"The Cooked Seed: a Memoir" (Bloombury USA), by Anchee Min
In the dedication of her latest book, "A Cooked Seed," best-selling Chinese author Anchee Min thanks her daughter for "making (her) write this book." One cannot help but wonder why — with such a powerful story to tell — Min waited until now to share it. And then, as her rollicking tale takes off and we've forgiven her for the delay, we eagerly join her in a second round of heartfelt thanks to Lauryann.
Min, whose first memoir, "Red Azalea," told the story of her youth in China growing up under the leadership of Chairman Mao and introduced many to the true horrors of that regime, picks up here where she left off. It's 1984, she's 27 and on a plane bound for Chicago with a $500 loan in her pocket, no understanding of English and only a vague plan to study art.
After Mao died and his wife was overthrown, Min was quickly discarded by society, considered "a cooked seed," one that would never sprout. Like generations of immigrants before her, Min bore her family's burden of heading to America to save herself and rescue them all from a life of poverty.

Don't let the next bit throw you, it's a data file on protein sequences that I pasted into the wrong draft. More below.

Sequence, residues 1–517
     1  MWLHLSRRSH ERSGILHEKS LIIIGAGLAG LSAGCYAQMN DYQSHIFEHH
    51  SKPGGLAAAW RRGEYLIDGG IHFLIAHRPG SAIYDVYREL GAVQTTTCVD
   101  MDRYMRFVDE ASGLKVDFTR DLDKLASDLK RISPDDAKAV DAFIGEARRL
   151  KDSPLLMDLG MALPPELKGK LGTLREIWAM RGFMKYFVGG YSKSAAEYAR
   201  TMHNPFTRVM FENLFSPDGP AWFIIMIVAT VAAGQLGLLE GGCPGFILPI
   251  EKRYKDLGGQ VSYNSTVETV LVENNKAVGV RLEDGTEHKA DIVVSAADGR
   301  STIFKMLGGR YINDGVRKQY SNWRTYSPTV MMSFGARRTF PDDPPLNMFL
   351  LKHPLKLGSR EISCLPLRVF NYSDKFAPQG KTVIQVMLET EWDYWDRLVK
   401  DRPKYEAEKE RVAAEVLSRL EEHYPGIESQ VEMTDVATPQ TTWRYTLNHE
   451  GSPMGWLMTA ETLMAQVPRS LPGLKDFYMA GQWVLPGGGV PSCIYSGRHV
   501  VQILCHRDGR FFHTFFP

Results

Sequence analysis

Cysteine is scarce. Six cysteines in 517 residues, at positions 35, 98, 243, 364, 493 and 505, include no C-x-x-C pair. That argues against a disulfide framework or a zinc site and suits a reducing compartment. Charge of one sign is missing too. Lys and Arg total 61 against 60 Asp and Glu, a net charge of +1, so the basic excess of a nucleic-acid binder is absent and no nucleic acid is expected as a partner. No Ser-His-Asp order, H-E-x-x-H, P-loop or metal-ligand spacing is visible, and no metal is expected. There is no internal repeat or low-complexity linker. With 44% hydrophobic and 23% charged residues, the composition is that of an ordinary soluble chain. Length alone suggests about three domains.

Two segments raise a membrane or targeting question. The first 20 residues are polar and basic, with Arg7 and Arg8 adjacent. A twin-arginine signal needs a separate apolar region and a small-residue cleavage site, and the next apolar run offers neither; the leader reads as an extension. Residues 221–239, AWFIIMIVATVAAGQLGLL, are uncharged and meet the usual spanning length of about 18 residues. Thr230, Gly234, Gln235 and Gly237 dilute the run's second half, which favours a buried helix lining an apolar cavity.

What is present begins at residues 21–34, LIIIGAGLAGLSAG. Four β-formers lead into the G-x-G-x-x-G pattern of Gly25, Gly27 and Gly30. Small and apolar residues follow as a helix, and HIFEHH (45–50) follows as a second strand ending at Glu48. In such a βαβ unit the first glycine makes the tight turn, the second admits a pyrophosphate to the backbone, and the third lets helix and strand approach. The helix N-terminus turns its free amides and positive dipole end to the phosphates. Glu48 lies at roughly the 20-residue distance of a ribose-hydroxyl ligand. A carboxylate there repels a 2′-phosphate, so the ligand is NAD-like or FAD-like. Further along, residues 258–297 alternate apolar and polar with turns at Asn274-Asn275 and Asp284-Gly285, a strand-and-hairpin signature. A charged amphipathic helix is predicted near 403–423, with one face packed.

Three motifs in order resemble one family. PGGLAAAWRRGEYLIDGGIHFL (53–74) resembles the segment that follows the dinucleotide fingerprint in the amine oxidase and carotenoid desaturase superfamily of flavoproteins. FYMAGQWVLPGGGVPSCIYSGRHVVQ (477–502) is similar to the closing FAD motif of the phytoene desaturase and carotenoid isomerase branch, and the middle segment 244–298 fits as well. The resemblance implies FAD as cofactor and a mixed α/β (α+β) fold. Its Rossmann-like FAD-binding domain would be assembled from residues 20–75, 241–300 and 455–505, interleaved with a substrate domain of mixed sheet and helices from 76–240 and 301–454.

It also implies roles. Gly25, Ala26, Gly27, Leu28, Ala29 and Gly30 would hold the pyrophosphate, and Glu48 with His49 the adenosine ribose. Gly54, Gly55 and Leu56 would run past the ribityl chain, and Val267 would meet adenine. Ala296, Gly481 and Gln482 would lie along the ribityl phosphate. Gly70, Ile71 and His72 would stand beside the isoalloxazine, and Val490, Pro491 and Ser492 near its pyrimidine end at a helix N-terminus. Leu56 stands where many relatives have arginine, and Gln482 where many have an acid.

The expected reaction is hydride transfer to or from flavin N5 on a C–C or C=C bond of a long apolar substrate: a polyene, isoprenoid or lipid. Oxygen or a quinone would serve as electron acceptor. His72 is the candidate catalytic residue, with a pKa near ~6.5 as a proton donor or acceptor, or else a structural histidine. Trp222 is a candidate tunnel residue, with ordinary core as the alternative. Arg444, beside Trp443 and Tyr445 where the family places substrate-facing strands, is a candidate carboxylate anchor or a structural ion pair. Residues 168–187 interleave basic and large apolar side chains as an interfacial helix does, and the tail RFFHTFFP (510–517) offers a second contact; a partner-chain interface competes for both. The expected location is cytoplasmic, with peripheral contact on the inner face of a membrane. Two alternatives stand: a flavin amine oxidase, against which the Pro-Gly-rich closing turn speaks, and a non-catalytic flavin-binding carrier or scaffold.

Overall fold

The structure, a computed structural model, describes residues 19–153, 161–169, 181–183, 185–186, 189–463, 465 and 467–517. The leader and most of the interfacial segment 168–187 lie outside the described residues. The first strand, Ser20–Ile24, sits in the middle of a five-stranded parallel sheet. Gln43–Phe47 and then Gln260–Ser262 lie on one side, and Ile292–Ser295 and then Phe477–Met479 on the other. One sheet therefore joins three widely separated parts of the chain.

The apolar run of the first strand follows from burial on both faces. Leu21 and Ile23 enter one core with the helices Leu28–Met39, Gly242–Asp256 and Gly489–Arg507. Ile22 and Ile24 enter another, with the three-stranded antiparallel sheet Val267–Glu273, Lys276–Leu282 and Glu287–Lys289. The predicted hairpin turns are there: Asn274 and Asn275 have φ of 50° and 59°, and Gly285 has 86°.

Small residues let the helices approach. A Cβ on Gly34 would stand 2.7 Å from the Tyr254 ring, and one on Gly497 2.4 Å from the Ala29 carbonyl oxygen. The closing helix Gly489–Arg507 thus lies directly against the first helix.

With that heavy weight on her shoulders, Min faces unbelievable hardship, financial challenges and just plain rotten luck.
Min's writing is as beautiful and compelling as always here, and as we learn how she taught herself English — how else, but by watching TV — and later how she finds her literary voice, her talent is even more astounding.
The only time the narrative peters out is when Min goes into too much detail about her American, Vietnam vet husband. I found myself wanting to know less about him and more about her and her feelings for and her relationship with him.
But, overall, "A Cooked Seed" will hook you and stay with you for a long time.